ReadWriteHome is an ongoing series exploring the implications of living in connected homes.
Lighting is a key ingredient in the connected home, and the benefits of smartening it up are obvious. Practically everyone has forgotten to turn off a light or fumbled around for the switch. And some find coming back to a dark house creepy. But with smart lights, you can use your smartphone to control or set automations for your lamps and bulbs, and a lot more.
The leader in smart lights is Philips Hue Wi-Fi-enabled bulbs. But the competition just heated up last week, with both LG and Samsung unveiling new smart bulbs.
Not that Philips is sitting idly by. This boss of intelligent bulbs also unveiled two new products: the Hue Lux LED bulb, a cheaper, stripped-down version of its pricey original, and the Philips Hue Tap, an add-on that lets you trigger lights by touch.
A Range Of Hues
Controllable via mobile device, Philips Hue is able to illuminate in multiple colors from a single disco-worthy light and hub. Hue practically started the smart lighting trend and inspired numerous knock-offs.
The issue with Hue is price. A starter kit of three bulbs and a bridge (or hub) will set you back $200. As if to answer the critics, Philips has just announced its new $40 Hue Lux, a smart white lightbulb that swaps features for savings.
Lux works the same as the original, lacking only the color-changing feature. That may seem a bit boring; on the other hand, consider that the original Hue costs $60 per bulb. The Lux starter kit also goes for less, at half the amount of the original starter kit. To help bring the price down, the company stuffed only two bulbs in the kit, along with the bridge, for $100.
Somewhat more interesting is the Hue Tap, a wireless accessory for controlling Hue smartlights that’s designed for wall mounting in a convenient location.
The Hue Tap provides an alternative to digging out your phone, waking it up, navigating to the app, etc. just to switch the lights on or off. And since you add it to your Hue Bridge as a wireless controller, it doesn’t interfere with the system. When you shut off a lamp manually, Hue may not know what state the light is in. Turn it off with the Tap, and it knows the lights are off.
At first, this $60 accessory seemed a bit silly to me. If you’re going to reach over to touch it, why not save your money and just hit the actual light switch? But the way it draws power changes everything. The juice comes from kinetic energy—when you tap the device, you’re actually charging it. There are no batteries to mess around with, and that absence of cords means that you can put it anywhere—your coffee table, nightstand, or even the side of your fridge.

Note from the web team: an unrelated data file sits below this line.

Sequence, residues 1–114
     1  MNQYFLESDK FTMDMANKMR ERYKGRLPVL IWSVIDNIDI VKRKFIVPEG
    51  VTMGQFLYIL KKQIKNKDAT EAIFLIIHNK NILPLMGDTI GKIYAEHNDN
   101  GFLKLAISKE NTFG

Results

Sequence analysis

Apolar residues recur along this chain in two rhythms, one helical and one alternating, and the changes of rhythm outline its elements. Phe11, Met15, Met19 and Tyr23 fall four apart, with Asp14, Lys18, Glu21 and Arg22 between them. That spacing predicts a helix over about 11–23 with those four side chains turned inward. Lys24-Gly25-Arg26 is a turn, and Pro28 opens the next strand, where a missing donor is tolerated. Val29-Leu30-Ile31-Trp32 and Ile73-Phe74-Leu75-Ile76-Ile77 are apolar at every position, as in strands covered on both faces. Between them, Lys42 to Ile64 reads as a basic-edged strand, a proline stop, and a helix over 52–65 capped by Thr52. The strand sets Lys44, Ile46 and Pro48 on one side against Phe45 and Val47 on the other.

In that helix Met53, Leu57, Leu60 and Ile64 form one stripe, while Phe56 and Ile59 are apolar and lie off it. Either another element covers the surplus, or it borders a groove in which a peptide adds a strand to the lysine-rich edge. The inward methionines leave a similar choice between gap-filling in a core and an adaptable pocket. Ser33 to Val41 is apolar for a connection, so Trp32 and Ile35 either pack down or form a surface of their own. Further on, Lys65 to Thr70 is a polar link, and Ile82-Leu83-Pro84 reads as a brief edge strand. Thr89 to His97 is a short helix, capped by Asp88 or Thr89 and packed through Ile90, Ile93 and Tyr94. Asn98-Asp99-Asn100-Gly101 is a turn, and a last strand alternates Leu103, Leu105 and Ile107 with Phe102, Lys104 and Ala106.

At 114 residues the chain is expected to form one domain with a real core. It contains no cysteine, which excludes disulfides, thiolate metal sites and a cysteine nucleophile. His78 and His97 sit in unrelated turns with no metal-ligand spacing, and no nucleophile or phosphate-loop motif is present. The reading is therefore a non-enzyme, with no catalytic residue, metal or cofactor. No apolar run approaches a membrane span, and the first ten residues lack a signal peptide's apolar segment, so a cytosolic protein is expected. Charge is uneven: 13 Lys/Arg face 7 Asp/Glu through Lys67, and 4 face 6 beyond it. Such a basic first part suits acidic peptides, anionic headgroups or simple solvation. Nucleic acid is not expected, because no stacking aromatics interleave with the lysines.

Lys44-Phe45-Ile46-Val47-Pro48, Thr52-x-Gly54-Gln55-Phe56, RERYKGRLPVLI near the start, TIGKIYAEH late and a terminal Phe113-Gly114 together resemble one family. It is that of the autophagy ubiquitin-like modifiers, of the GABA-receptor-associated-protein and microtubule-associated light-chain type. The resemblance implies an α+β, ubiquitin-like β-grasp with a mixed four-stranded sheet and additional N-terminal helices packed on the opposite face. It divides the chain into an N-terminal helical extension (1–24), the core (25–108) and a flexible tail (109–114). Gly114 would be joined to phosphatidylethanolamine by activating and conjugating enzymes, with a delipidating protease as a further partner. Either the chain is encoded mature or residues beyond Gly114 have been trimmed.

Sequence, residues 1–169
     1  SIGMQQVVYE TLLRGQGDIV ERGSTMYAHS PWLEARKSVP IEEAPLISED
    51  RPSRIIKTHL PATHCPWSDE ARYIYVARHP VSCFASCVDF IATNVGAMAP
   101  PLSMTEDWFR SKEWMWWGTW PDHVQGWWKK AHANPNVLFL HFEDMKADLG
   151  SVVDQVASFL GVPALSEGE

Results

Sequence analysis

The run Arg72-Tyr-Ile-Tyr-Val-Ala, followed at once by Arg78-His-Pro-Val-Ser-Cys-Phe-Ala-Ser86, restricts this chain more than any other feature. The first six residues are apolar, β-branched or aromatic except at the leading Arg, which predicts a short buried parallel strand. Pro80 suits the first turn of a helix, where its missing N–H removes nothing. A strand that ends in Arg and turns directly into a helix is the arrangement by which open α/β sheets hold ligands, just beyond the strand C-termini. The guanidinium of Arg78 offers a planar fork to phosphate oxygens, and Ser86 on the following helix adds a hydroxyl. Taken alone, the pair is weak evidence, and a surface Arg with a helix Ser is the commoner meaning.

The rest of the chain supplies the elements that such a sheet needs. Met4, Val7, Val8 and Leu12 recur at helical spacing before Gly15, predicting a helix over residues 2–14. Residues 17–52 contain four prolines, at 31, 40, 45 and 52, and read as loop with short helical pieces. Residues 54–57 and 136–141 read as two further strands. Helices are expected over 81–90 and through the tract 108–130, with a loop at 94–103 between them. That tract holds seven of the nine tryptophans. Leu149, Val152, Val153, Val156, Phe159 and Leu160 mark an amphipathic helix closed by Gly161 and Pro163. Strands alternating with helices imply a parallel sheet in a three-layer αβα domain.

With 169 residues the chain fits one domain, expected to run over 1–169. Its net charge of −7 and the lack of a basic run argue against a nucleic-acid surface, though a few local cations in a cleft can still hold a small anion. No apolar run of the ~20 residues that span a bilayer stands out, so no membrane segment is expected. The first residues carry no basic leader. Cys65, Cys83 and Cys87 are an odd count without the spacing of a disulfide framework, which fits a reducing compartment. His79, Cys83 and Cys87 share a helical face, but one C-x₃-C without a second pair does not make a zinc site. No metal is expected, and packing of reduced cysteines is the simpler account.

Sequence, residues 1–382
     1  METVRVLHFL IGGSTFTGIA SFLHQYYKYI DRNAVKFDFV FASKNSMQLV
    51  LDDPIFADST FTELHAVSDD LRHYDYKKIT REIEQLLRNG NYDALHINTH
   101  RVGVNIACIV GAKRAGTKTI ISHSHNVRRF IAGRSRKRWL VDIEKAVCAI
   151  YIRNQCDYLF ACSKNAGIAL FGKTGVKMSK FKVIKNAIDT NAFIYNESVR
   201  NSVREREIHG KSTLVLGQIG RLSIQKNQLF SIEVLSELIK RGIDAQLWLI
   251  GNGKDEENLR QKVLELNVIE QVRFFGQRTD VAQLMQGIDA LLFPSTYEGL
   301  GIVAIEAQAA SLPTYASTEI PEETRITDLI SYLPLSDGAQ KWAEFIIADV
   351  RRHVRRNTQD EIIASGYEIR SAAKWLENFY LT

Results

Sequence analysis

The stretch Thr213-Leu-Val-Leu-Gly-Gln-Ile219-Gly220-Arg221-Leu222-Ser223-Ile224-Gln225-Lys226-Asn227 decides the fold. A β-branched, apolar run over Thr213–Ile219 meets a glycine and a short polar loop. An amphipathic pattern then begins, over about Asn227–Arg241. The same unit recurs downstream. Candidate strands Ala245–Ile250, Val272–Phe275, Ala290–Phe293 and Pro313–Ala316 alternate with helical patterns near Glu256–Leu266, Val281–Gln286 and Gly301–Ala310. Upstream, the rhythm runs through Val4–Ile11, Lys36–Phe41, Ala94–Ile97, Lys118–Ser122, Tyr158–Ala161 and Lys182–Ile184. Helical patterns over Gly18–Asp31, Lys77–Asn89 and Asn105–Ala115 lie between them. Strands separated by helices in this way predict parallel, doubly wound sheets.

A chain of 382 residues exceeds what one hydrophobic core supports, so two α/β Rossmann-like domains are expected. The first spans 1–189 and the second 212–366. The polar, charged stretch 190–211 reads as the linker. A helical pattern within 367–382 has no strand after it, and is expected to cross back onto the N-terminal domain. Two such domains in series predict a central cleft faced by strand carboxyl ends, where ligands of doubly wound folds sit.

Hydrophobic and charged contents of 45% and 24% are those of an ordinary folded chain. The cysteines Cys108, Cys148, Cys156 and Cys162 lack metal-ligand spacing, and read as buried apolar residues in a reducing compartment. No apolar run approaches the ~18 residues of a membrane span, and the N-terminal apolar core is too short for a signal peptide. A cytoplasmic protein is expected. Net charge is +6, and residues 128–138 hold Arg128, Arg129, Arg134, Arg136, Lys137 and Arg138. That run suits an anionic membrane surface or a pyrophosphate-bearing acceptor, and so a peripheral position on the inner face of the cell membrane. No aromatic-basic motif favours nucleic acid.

It’s easy to see the appeal of Hue Tap. If you’ve ever found your light switch’s location inconvenient (or even stupefying—my old apartment inexplicably had a light switch near the ceiling), you’ll be glad to know you don’t have to be bound to the confines of your home’s wiring. The downside, however, is that it relies on your Wi-Fi network to function. So you won’t want to place this anywhere with a weak signal.
Who Will Light The Way?
For connected home companies like SmartThings, Revolv and Zonoff, which powers Staples Connect, as well as services like “If This Then That,” Philips Hue has become the belle of the ball. Numerous parties have flocked to it, making the smart lights compatible with their own systems.
Now LG and Samsung want a piece of the action too.
Last week, LG announced its latest, the LED Smart Lamp. (Google translation here.) These $32 bulbs promise a 10-year life, can be controlled or automated via smartphones, and use Wi-Fi and Bluetooth. The company also pointed out that its lamp can groove to music or blink for smartphone notifications. (Though these have become rather standard features for smart lights. Philips Hue, for example, can do the same.)
Like LG, Samsung’s new Smart Bulb shines a white light and promises a 10-year life, but it does away with Wi-Fi entirely, relying solely on Bluetooth. The communication approaches are interesting, because they both connect directly to phones, which means no costly hubs required, like with Philips Hue.
Samsung hasn’t announced availability or pricing yet, but the latter will likely fall somewhere around $30 to $40. LG’s Smart Lamp is destined for its native South Korea, at least to start. But if it succeeds there, the company will probably consider extending the bulbs to international distribution. Philips, meanwhile, plans to roll out the Hue Tap and Hue Lux in North America and Europe in the latter half of 2014.
None of these options are rock-bottom cheap, especially compared to standard incandescents. Their long life and smart features, though, might tempt some buyers. And with prices starting to come down, we could see an influx of new users setting foot on the smart home path. This is undoubtedly the goal.
Though they may lack Philips Hue’s integrations and partnerships, both LG and Samsung run a variety of businesses across consumer electronics, appliances and smart devices. They could essentially fit lighting like a piece in their broader connected-home puzzles.
If those smart lights act like gateway products, whoever dominates that first entry point may light the entire way to their entire eco-system of smart home products.
Feature image courtesy of Flickr user André Mouraux. All others courtesy of respective companies.
Correction: The original draft errantly stated that the Philips Hue starter kit costs $200 for four smart bulbs and the bridge. There are only three bulbs in this kit.